In April, the Denver Broncos added another valuable weapon to their offense when they selected Wisconsin running back Montee Ball in the second round (58th overall) of the draft. Last weekend, the team took a big step towards making sure Ball is successful in Denver.
Beyond Hall of Fame running back Floyd Little, the most notable running back in Broncos franchise history is obviously Terrell Davis. A sixth-round draft pick in 1995, Davis went on to win a pair of Super Bowls, league MVP and Super Bowl MVP honors and joined the 2,000-yard single season rushing club in 1998.
Davis was the final piece that quarterback John Elway and Denver's offense needed to put them over the top. Now Peyton Manning and Denver's current front office, led by Elway, are hoping Ball can be that guy.
After signing Alex Gibbs as an offensive line consultant on Sunday, history is on Denver's side.
Gibbs was Denver's offensive line coach from 1995-2003 and was a major factor in Denver's running success during that time period. Now returning to Denver, Gibbs won't be taking over running schemes (the team's official website says he will work "under" current offensive line coach Dave Magazu), but his hand in the process will be felt.
Gibbs runs a zone blocking scheme that was highly successful when Davis was with the team back in the late 1990s—a scheme that was not created by Gibbs, but gained notoriety under his watch.
To see more on the scheme, see Get Back to the Fundamentals video pieces on the stretch/gun running plays, as explained by Gibbs himself. Last season, Denver ran forms of both power- and zone-running plays.
Expect the team to continue using both schemes, while implementing Gibbs' now famous one-cut zone run.
The play above can be found on YouTube (note: Gibbs uses some harsh language in the video). Denver's offensive line blocks down the line of scrimmage to the right, when the backside (left) guard and tackle cut their defenders, creating a huge cutback lane to run through.
Meanwhile, Elway is rolling out to the left, freezing the safety. Play action (something Manning has perfected) is the perfect complement to this play when the safeties start getting aggressive.
When the cutback lanes do not open up in this particular play, the runners are taught to bounce the ball outside, something Davis did well when asked to.
In the play above, Buffalo's inside linebacker stays home and closes the running lane that would have been created if he had over pursued on the play. Because the linebacker is in position to make a play, Davis' read is to bounce the run outside.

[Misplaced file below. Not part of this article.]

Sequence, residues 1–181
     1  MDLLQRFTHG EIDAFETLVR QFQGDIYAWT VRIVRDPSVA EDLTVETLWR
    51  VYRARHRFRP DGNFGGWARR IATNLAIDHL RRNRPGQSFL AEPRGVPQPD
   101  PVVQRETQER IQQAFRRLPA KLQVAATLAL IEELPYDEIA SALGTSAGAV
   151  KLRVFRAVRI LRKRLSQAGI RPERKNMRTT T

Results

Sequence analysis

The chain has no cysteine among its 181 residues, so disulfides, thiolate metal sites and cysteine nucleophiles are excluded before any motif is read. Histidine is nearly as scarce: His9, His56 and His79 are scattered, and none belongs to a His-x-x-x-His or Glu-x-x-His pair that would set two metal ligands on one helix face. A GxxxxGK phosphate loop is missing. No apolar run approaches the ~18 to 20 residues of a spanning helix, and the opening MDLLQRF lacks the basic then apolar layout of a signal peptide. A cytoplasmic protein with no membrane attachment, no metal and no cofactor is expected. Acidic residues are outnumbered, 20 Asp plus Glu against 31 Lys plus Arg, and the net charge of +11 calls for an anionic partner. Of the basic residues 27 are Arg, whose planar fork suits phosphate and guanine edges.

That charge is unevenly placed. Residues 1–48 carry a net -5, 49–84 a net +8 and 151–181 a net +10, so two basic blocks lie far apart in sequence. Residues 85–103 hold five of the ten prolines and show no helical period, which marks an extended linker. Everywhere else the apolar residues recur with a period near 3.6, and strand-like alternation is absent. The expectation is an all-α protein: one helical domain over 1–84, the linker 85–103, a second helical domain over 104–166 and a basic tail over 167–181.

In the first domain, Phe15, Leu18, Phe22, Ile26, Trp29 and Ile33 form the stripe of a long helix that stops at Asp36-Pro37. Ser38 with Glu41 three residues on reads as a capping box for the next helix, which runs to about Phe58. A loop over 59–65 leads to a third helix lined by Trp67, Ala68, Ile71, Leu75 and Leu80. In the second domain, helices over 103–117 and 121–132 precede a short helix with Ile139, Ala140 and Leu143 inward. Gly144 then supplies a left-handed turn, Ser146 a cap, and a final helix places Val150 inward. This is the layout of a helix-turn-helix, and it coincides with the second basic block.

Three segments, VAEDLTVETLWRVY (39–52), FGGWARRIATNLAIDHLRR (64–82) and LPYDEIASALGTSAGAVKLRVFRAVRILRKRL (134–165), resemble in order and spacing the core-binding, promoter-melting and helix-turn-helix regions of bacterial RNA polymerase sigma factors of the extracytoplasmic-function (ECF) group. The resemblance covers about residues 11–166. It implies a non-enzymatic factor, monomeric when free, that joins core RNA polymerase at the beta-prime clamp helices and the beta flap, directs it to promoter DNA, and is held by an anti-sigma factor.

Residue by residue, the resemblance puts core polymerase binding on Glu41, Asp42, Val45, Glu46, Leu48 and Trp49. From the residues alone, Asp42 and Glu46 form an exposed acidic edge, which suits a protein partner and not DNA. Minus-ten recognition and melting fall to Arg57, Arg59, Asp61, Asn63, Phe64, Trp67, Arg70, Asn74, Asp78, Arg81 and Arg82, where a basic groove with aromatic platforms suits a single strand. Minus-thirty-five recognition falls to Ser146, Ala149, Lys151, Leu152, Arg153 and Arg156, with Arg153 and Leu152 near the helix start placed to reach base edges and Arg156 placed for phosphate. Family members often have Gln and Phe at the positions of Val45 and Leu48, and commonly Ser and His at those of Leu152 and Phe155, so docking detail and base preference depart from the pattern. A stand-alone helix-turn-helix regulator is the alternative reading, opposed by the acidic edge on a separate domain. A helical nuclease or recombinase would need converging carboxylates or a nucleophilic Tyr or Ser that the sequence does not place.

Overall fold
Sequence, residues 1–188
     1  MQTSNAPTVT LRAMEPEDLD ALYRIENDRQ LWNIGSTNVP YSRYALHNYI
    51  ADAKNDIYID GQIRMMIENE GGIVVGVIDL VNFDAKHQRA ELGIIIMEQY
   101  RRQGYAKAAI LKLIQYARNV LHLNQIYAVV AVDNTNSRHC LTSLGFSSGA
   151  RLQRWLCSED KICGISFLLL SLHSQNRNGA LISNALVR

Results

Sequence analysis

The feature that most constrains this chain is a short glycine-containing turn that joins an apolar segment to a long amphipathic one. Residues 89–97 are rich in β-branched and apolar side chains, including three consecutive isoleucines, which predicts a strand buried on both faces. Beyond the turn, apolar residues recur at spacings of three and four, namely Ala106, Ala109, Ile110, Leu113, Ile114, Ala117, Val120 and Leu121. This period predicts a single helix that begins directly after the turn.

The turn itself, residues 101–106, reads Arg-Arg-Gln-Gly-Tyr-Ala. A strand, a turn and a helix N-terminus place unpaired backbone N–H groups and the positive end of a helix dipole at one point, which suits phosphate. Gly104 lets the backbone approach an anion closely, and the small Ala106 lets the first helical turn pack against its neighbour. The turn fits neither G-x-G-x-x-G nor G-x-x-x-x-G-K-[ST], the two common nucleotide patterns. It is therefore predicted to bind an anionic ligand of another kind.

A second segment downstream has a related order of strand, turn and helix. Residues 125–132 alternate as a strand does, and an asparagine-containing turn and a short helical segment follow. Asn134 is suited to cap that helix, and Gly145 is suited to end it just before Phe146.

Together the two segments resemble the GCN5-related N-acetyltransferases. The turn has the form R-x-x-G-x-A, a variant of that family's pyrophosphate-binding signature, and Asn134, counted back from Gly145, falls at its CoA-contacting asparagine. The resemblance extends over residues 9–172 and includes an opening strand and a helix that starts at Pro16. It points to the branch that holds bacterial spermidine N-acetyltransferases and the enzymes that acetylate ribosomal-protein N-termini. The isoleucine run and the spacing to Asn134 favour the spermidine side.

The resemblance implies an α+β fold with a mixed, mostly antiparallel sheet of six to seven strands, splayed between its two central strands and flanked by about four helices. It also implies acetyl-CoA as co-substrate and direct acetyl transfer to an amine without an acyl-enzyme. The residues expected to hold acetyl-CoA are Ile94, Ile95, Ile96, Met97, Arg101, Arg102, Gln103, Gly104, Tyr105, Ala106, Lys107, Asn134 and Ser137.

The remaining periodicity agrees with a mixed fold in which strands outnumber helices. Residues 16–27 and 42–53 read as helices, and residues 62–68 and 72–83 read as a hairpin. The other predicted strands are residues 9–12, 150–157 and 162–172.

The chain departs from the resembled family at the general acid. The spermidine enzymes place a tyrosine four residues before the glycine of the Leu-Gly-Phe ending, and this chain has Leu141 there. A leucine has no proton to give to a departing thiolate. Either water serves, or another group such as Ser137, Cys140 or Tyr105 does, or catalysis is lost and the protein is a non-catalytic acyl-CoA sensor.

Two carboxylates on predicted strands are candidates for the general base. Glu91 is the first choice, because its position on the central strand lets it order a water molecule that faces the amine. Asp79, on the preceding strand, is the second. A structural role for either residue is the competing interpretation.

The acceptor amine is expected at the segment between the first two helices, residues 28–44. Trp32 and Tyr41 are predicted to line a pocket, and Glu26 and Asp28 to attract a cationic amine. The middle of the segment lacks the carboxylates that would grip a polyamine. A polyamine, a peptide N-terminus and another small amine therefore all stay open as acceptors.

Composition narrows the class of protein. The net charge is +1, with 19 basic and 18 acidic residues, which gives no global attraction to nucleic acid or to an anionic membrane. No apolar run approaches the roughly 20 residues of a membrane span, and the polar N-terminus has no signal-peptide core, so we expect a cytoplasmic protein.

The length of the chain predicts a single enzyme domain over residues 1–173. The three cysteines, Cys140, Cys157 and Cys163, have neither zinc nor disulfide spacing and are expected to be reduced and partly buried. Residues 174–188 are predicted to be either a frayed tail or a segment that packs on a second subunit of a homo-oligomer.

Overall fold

Davis managed a four-to-five yard gain on the play, which is not bad for a first down running play.
In Ball, the Broncos have a similar back to Davis who should also run well behind Denver's revamped blocking scheme. Davis was a 5'11", 210-pound back; Ball measures up and weighs in at 5'10", 214 pounds.
"(Ball's) running style [is] a lot like Terrell Davis," Elway said during a fan forum conference call earlier this month (via the Denver Post). "We hope that Montee has a career and even a longer career than Terrell had."
Ball does not have top notch speed (he ran a 4.66 forty-yard dash at the combine), but in Denver's scheme, he should have plenty of opportunities to gain first downs and score touchdowns, something the Broncos won't have to teach him.
While at Wisconsin, Ball scored 83 career touchdowns—an NCAA record.
In 2013, defenses will be keying on Manning’s top three receiving targets (Demaryius Thomas, Eric Decker and Wes Welker), which should create running lanes for Ball. When the running lanes are resulting in first downs, play-action passes will be opened up.
That creates a never-ending cycle that should help the Broncos improve on their No. 4 overall offensive ranking in 2012. Expect Ball to get carries early and often in 2013, eventually winning the starting gig.
Fans can only hope that Ball’s talent (and production) matches that of his early predecessor in the zone-blocking scheme, Terrell Davis. Denver’s front office is hoping Ball’s career lasts longer than the four years Davis was able to play before knee injuries knocked him out of the league (Davis was on Denver’s roster for four additional years, but officially retired in 2002).
Ball’s longevity has been questioned after he had 924 carries in college, but concern over his high carry amount may be overblown.
In his final two seasons at Wisconsin, Ball had 663 carries, which was fewer than Ricky Williams, LaDainian Tomlinson, Steven Jackson and Ray Rice posted in their final collegiate seasons. Rice had 910 carries in just three years at Rutgers and is coming off his fourth consecutive 1,000-yard season with the Baltimore Ravens.
So Ball's wear and tear shouldn't be too alarming—it wasn't to the Broncos. History is on your side, Montee. Now go show us what you've got.